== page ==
Address Centre for Biological Timing, Faculty of Biology, Medicine & Health, University of Manchester, Oxford Road, Manchester M13 9PT, UK; timothy.brown(at)manchester.ac.uk
Corporate Author Thesis
Publisher Cell Place of Publication Editor
Language English Summary Language English Original Title
Series Editor Series Title Abbreviated Series Title
Series Volume Series Issue Edition
ISSN 0960-9822 ISBN Medium
Area Expedition Conference
Notes Approved no
Call Number IDA @ john @ Serial 2785
Permanent link to this record
 

 
Author Leveau, L.M.
Title Artificial Light at Night (ALAN) Is the Main Driver of Nocturnal Feral Pigeon (Columba livia f. domestica) Foraging in Urban Areas Type Journal Article
Year 2020 Publication Animals : an Open Access Journal From MDPI Abbreviated Journal Animals (Basel)
Volume 10 Issue 4 Pages
Keywords (up) Animals; Columba livia; Latin America; artificial light at night; circadian rhythm; noise; temporal homogenization
Abstract Artificial light at night (ALAN) is one of the most extreme environmental alterations in urban areas, which drives nocturnal activity in diurnal species. Feral Pigeon (Columba livia f. domestica), a common species in urban centers worldwide, has been observed foraging at night in urban areas. However, the role of ALAN in the nocturnal activity of this species is unknown. Moreover, studies addressing the relationship between ALAN and nocturnal activity of diurnal birds are scarce in the Southern Hemisphere. The objective of this study is to assess the environmental factors associated with nocturnal activity of the Feral Pigeon in Argentinian cities. Environmental conditions were compared between sites where pigeons were seen foraging and randomly selected sites where pigeons were not recorded foraging. Nocturnal foraging by the Feral Pigeon was recorded in three of four surveyed cities. ALAN was positively related to nocturnal foraging activity in Salta and Buenos Aires. The results obtained suggest that urbanization would promote nocturnal activity in Feral Pigeons. Moreover, nocturnal activity was mainly driven by ALAN, which probably alters the circadian rhythm of pigeons.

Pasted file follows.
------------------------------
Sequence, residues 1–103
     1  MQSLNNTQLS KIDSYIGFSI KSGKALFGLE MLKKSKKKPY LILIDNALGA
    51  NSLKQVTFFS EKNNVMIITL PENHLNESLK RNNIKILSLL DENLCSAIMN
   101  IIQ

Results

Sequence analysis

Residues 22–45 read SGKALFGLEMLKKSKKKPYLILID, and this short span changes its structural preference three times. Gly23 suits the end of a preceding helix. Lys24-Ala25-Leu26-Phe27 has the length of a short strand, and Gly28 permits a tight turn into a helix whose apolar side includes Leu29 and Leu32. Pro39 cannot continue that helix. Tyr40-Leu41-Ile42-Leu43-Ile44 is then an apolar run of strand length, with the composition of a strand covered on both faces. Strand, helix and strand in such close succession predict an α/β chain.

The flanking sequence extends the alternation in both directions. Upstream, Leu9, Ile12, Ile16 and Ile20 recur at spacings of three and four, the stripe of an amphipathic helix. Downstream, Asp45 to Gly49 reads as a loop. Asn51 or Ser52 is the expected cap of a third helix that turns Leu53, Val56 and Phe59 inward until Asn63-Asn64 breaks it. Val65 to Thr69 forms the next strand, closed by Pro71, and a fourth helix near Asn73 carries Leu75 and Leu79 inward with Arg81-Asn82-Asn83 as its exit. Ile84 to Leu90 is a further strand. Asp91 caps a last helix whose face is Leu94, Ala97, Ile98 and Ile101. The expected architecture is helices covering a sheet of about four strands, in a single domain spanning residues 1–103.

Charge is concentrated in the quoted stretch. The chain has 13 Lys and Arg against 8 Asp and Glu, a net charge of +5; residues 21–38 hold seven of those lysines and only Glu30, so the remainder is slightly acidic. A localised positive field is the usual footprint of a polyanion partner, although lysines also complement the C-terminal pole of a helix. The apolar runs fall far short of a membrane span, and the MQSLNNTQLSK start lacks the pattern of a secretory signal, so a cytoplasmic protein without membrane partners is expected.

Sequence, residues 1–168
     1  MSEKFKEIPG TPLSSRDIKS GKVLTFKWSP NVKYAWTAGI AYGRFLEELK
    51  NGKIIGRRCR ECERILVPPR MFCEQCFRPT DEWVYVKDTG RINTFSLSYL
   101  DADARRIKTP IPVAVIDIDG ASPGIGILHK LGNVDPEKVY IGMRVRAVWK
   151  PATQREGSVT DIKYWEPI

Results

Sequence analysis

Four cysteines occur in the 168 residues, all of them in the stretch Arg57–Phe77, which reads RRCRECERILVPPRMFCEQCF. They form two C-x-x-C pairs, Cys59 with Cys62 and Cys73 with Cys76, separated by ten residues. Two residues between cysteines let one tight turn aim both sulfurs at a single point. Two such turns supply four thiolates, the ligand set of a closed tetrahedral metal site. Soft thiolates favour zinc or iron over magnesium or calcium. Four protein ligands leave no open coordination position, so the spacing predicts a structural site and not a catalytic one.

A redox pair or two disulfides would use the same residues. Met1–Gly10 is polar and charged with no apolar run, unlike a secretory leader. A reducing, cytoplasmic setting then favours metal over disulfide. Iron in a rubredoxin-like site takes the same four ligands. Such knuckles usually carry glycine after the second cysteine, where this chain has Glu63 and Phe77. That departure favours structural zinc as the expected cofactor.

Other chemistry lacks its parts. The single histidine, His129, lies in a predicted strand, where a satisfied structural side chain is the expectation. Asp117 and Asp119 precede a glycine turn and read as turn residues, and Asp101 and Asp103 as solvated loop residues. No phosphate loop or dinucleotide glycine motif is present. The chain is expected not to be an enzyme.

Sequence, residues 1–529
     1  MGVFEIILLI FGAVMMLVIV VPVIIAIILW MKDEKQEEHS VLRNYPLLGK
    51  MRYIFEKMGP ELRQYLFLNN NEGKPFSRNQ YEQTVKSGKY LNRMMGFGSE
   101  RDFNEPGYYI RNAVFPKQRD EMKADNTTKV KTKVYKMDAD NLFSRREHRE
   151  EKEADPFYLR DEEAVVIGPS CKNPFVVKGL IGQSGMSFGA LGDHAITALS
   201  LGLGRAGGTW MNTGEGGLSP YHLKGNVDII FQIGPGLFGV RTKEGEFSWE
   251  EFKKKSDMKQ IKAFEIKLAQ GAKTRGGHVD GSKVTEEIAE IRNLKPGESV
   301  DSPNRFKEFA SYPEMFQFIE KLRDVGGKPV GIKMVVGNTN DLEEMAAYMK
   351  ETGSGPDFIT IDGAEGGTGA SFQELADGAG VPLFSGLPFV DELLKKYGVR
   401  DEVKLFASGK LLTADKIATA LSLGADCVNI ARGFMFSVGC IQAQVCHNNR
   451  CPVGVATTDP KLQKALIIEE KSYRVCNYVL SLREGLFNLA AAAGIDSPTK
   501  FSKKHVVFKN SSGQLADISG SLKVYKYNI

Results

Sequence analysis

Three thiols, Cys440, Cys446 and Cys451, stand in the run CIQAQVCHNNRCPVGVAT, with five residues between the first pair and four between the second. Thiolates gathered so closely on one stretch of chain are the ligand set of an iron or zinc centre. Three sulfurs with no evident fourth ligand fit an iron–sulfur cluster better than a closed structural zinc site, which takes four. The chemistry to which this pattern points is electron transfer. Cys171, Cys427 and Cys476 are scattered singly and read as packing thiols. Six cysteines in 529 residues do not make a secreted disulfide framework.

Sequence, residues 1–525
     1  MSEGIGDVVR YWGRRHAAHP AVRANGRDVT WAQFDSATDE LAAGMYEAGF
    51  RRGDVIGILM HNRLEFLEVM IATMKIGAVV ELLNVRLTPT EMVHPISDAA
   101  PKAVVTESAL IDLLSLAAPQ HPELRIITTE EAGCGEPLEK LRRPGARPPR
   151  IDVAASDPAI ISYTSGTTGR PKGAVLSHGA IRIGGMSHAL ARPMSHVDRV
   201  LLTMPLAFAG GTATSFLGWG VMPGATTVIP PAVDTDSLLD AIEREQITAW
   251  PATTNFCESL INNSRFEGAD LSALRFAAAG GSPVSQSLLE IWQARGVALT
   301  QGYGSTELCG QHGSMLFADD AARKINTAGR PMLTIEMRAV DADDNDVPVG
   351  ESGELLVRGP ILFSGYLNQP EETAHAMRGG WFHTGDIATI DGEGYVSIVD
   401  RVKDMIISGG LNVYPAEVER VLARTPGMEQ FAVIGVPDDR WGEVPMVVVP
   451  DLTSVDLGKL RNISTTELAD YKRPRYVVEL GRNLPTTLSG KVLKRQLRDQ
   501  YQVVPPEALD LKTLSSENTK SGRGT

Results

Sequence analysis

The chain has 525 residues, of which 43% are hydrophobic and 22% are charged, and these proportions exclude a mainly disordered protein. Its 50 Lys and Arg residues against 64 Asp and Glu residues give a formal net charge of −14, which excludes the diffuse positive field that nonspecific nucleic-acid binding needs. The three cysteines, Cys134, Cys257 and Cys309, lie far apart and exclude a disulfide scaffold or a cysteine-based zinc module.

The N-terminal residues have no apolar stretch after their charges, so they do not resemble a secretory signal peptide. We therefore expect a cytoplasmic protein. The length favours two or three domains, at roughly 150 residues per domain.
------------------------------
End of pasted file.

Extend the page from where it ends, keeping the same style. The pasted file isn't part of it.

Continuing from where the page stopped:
Address Departamento de Ecologia, Genetica y Evolucion, Facultad de Ciencias Exactas y Naturales, Universidad de Buenos Aires – IEGEBA (CONICET – UBA), Ciudad Universitaria, Pab 2, Piso 4, Buenos Aires 1426, Argentina
Corporate Author Thesis
Publisher Place of Publication Editor
Language English Summary Language Original Title
Series Editor Series Title Abbreviated Series Title
Series Volume Series Issue Edition
ISSN 2076-2615 ISBN Medium
Area Expedition Conference
Notes PMID:32224903 Approved no
Call Number GFZ @ kyba @ Serial 2876
Permanent link to this record
 

 
Author Manríquez, P.H.; Jara, M.E.; Diaz, M.I.; Quijón, P.A.; Widdicombe, S.; Pulgar, J.; Manríquez, K.; Quintanilla-Ahumada, D.; Duarte, C.
Title Artificial light pollution influences behavioral and physiological traits in a keystone predator species, Concholepas concholepas Type Journal Article
Year 2019 Publication Science of The Total Environment Abbreviated Journal Science of The Total Environment
Volume 661 Issue Pages 543-552
Keywords (up) Animals; Concholepas concholepas; sea snails; mollusks; Muricidae